A left-wing security policy that is fit for the 21st century must therefore be a pillar in revitalising social democracy. In recent years, an active search for security policy allies across the world has been increasingly driven by crises facing the EU and multilateralism. In a multifaceted world, where Europe can no longer rely on the protection of the US and southern countries prefer to replicate China’s development instead of developing through democracy, this is something we need to revive.

Left-wing or progressive security policy must put ‘human security’ at the heart of the political narrative, a term used by the United Nations in the 1990s to describe this guiding principle. The 90s were a time of the ‘new wars’, as Mary Kaldor described post-Cold War conflicts, which were mainly characterised by domestic and identity conflicts (such as in the Balkans) and war economies (such as in West Africa).

What’s more, the idea of human security can also serve as a basis for a more intense debate on the link to social justice – the core theme of social democracy. Poorer people are more likely to suffer from crime, as they live in areas where more violence occurs. The lack of legitimate job opportunities often pushes them into a life of crime or into drug gangs, which fight for influence in their territories.

In an increasingly connected world, security policy is both a global and local issue at the same time.

The global gentrification of cities is also behind the increasing privatisation of security: physical integrity is no longer a fundamental right, but a material luxury of the global upper class. Nations and communities of nations must ensure public safety for everyone. Security is therefore inextricably a social matter; we need security to prevent social deprivation and marginalisation and to promote social cohesion.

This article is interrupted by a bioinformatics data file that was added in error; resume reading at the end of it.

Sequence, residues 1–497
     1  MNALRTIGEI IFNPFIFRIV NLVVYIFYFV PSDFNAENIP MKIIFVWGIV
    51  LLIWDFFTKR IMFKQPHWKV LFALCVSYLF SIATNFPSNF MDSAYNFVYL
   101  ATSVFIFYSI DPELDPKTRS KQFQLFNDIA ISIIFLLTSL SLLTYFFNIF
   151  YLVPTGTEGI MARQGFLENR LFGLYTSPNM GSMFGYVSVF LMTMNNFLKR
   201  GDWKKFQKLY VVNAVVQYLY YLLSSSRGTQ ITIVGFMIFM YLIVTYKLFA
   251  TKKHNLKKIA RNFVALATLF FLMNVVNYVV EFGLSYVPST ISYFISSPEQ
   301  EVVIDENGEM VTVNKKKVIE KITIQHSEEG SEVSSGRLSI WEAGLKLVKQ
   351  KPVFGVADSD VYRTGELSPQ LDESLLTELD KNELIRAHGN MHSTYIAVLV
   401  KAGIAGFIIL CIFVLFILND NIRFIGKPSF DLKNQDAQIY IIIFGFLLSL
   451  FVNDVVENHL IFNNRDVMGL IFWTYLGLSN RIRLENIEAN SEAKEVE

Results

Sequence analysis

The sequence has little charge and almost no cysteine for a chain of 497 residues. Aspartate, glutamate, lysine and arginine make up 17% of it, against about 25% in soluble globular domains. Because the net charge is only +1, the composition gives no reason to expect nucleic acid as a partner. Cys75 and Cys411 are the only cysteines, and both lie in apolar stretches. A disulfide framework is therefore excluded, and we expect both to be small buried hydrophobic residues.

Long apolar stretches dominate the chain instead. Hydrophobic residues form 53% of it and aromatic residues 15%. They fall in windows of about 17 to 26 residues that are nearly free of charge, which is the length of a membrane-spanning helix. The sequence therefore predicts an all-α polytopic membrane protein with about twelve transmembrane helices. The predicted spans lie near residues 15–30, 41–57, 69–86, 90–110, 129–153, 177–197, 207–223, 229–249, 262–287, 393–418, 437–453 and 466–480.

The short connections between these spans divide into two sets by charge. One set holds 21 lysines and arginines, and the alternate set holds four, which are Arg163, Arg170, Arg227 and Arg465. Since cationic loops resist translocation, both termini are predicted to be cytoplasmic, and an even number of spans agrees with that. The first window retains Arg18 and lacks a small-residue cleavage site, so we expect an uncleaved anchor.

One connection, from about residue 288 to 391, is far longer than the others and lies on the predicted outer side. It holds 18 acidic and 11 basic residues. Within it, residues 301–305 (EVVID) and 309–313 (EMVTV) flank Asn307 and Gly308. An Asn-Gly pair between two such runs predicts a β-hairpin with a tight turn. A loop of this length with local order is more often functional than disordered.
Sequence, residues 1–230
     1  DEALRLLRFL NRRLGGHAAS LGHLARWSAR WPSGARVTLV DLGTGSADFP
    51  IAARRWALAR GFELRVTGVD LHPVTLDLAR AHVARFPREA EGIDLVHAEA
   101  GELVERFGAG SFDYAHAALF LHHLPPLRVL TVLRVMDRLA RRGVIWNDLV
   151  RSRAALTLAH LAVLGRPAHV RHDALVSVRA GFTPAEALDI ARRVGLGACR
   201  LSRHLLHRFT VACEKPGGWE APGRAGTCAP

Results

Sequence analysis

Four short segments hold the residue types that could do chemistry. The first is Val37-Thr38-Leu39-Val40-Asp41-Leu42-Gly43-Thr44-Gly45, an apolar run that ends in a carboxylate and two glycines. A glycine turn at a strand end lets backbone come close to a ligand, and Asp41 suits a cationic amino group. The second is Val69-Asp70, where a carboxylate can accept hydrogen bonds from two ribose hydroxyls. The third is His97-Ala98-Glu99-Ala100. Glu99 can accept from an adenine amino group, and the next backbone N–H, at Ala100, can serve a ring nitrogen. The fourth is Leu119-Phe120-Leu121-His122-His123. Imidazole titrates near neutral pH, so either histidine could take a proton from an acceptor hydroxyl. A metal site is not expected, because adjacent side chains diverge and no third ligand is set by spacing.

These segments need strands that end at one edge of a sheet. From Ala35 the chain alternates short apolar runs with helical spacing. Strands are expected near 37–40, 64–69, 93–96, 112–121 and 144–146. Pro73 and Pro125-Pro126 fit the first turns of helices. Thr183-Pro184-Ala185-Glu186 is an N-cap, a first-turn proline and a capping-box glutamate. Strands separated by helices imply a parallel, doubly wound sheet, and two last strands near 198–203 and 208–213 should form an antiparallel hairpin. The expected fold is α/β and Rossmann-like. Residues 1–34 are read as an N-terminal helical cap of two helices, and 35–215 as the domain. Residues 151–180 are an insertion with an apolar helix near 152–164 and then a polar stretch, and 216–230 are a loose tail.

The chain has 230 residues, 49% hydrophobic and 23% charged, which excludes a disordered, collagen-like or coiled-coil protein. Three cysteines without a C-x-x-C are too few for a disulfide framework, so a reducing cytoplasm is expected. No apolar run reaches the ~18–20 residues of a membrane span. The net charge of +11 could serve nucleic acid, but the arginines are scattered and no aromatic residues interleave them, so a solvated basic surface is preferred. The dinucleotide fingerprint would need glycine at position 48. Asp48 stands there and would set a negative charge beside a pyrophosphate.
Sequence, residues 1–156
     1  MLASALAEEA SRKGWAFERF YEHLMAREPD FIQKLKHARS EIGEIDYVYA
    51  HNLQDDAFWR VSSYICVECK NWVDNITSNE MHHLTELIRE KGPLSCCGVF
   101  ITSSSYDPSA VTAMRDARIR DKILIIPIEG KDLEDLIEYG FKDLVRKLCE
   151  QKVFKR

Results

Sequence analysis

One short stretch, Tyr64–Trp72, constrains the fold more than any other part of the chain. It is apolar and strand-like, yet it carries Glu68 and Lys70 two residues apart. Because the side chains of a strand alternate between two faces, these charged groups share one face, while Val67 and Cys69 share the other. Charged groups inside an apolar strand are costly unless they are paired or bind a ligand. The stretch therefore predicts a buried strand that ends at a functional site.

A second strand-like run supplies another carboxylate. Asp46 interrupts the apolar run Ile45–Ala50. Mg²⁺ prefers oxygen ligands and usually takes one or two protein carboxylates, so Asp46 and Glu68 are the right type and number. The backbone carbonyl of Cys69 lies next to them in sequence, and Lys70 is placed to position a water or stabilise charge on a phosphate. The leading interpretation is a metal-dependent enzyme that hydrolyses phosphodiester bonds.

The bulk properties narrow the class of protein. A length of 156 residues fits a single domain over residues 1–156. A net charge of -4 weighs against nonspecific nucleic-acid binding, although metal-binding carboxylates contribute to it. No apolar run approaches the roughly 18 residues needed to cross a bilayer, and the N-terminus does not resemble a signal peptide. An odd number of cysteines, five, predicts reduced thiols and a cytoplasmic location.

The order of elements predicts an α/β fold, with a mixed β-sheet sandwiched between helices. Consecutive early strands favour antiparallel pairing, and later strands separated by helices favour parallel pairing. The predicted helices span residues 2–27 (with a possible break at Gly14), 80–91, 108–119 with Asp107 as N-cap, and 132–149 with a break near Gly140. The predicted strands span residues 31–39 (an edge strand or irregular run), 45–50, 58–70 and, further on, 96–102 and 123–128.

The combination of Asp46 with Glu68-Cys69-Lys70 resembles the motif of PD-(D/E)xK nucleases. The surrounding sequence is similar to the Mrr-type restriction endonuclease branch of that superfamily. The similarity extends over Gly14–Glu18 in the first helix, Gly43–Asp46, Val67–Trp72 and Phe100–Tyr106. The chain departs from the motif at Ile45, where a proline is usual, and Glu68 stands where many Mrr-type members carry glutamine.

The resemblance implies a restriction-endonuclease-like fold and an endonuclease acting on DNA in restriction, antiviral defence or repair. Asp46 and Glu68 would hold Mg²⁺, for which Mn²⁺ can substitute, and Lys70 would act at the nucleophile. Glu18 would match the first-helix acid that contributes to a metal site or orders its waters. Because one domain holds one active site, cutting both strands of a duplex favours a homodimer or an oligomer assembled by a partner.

Local and global security

In an increasingly connected world, security policy is both a global and local issue at the same time. Security starts at an urban level, where simple preventive action, just having enough police on the streets, can do wonders. The military should not be routinely deployed to towns and cities. Its job is to protect external borders, not to fight rampant gang wars.

Global challenges have become more complicated. Neoliberal globalisation also promotes a kind of globalisation in the shadows – transnational organised crime such as money laundering and arms, drugs and human trafficking. These are groups that operate in the same way as multinational companies, only illegally.

The solution is to address the factors that exacerbate conflict, such as by regulating arms exports, financial markets and money laundering, reducing resource depletion in areas of conflict and taking action over the behaviour of multinational companies in undemocratic countries beset by conflict. Tackling these problems at such a disconcerting time, which affects everything that provides people with material and physical security – from the digital revolution to cyber warfare – is a huge task. And this huge task calls for progressive, non-repressive solutions.

Did you enjoy this article? Sign up to our newsletter.